I'm not saying this to flame or troll. I was tempted to describe it entirely neutrally. I left out a lot of really unfavorable things I could have said. I could have mentioned that the fact that two of the four regular Sanjuriu students there were wearing karate gis. I remember when I was starting Isshinryu back in 1995 when BJJ was first catching on. We tried grappling in lightweight karate gis. There were sleeves and collars flying everywhere. Are you really going to sit there and tell me all about how hard you guys grapple in those jackets? Maybe it's a little metrosexual of me, but I think clothes go at least a little way toward making the man.

    I heard Head Instructor talk to another health club member who had just walked in about how Karate is all about katas and meridians and something about "pinpoint accuracy," which I am guessing is referring to hitting pressure points. We give pressure points short shrift around here, but I didn't mention it since I wasn't taught it directly.

    I didn't mention who I was and where I was from until after the class for a reason. I've had ample opportunity to realize that when you tell people you have a lot of experience walking into a dojo they either go out of their way to impress you or dismiss you as just a crosstrainer, and either way you don't get the real student experience. I notice that while Head Instructor claimed that he didn't have time for the Internet (everybody is always above it) he made sure to ask what my screen name on Bullshido was twice. I wonder if I would have got different reactions if I had given him different names.

    Regarding your offer for me to come back in to the dojo again so you and Brandon can "hit me harder" and give me the "punishment" that I can take on the mats...no, thanks. I never claimed I was coming over for a challenge match, and I surely never claimed I was coming over to get sucker punched. I wanted to sample your curriculum, and I think I did. And for the record, while I disagree with the contents of your lessons, they're extremely well taught. The class had a theme, was broken down into logical, progressive content units, and was well reviewed at the end. If it had only endeavoured to teach me something I cared to know I would have profited greatly.
    Dude, I don't know you at all. Never even met you other than some polite exchanges via email. If you think for a second that my invitation to come practice with me is some sort of pissing contest from my side, then I apologize. I'm not that kind of person at all. I'm a pastor in a local church and it's my life's desire to get better in the art and make people people better martial artists. But that doesn't happen at the first belt level, and for you to somehow think that critizing some yellow belt techniques gives you some footing, is insulting. You and your ilk have chosen, for whatever reason, to bash our school in a public forum.

    Personally, I despise violence. I can't even finish a randori session without apologizing to half the school for using something they weren't ready for. If you think my invitation is just put out there to sucker punch you and get into a fight, then again, I apologize. If however you want to come try a resistant attack methodology in the dojo, then you can't get pissed off about getting met with equally resistant counters and blows. In other words, don't bash us if you don't want to get bashed back.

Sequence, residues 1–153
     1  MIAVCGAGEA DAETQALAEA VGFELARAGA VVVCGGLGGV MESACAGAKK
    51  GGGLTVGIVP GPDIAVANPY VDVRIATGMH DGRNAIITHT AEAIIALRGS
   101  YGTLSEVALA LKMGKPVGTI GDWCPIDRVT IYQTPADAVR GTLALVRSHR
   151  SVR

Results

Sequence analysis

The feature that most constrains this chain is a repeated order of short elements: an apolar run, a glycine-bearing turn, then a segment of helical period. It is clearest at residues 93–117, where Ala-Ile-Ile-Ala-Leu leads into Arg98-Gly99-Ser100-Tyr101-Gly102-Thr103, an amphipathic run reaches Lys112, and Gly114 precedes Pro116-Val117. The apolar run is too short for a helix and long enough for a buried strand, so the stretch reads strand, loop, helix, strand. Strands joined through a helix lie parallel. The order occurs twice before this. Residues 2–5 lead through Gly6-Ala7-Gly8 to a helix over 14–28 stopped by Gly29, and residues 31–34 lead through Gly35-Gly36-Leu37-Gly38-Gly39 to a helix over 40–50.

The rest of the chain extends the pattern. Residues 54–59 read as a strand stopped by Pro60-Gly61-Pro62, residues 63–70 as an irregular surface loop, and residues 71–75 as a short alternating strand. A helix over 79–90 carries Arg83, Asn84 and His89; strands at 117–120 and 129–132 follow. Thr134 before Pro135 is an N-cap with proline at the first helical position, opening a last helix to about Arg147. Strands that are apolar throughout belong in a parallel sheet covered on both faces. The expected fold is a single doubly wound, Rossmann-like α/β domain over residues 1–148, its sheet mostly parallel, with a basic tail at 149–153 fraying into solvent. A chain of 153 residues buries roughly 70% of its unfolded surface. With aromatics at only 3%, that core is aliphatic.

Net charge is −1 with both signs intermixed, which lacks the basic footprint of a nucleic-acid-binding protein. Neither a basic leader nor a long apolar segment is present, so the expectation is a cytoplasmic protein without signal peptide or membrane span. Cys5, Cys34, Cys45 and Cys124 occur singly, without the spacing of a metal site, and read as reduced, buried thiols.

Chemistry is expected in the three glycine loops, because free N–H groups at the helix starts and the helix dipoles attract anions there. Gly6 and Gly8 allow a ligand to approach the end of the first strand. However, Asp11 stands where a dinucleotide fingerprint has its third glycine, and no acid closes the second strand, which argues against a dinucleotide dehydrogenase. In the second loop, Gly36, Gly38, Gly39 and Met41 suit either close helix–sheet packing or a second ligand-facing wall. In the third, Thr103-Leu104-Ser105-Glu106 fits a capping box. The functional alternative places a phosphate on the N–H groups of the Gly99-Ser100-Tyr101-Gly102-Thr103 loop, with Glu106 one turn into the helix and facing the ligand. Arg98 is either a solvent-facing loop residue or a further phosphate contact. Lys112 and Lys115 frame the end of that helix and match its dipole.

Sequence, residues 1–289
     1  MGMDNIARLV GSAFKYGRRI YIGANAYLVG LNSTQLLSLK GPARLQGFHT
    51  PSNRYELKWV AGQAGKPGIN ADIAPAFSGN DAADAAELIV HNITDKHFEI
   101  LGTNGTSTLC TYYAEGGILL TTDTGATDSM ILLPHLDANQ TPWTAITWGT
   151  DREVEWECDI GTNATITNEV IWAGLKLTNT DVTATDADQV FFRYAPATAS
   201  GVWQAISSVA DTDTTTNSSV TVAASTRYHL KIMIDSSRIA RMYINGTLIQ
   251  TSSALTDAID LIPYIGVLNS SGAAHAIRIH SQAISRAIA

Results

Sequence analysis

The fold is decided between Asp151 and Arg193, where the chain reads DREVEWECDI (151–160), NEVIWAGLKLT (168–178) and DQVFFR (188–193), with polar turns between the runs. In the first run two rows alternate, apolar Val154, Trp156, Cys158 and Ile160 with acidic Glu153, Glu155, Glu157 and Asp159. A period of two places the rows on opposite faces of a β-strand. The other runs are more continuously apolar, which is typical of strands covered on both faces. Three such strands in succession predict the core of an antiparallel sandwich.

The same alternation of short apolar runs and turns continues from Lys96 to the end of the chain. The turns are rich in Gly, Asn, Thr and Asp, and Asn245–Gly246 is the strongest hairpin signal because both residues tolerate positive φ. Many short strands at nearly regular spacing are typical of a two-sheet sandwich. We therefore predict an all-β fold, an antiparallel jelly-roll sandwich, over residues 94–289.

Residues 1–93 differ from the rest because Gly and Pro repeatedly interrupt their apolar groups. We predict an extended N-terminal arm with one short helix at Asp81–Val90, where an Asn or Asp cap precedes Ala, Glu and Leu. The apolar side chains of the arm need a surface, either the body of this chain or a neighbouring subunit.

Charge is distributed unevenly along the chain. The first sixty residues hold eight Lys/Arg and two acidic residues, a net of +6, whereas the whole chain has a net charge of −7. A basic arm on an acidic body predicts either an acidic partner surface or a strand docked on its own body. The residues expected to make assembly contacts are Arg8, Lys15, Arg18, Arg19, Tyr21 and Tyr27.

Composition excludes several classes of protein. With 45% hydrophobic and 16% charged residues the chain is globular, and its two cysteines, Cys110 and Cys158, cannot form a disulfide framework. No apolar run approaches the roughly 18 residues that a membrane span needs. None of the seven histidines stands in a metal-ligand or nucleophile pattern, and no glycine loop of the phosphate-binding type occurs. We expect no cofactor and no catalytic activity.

We teach slow for form at early belt ranks. That's just the way we do it. Can an early belt level in our system really stand up to fully resistant attacks? I have no idea, but I do know that I can after six years of training. Can I be beaten on the mats? Damn straight I can, and have. More than once too. But if you can breakfall and keep your temper, then by all means, bring it. But don't start on the "you can't do that" stuff like so many people who crosstrain with us start doing.

    About two weeks ago, I caught wind of someone with substantial MMA experience visiting us. All he said during the sparring session was "you can't use that... that's small joint... grab me here..." Whatever.

    I'm pretty much done with this thread because I'm confident in the training I've receieved. I have lots to learn and I'm open to getting schooled on the mats because it will only make me better. But I never and hope to God I never loose my cool in training. If you come to allow us to teach things equivilant to whatever belt rank you have in whatever art you took it in, then maybe we can have a good session together. But don't hear it as a challenge, so much as defense against your challenge. Once again, we're not the ones jumping on here to bash other art forms. That'd be you guys. If you want it, send your five best from your school. We'll start with one of ours and I will advocate like hell to be that one. If we need to add more in the circle, we will.

    I read your post-- all of it. What are your primary complaints? That a first time student can't perform a technique against a fully resistant choke hold? Or is that a brown-belt didn't quite feel up to elbowing you full force in the gut (which btw we teach a follow up to the balls if they don't instantly budge)?

    I've worked out with people from other forms. It takes us both a good 20-minutes to get used to each other and learn how to work together in a way that avoids injury, but we've done it. But don't come in as noob and then get pissed because we didn't jack you around the mats. We're teaching techniques... lots and lots of techniques. Randori will determine which of them you choose to utilize.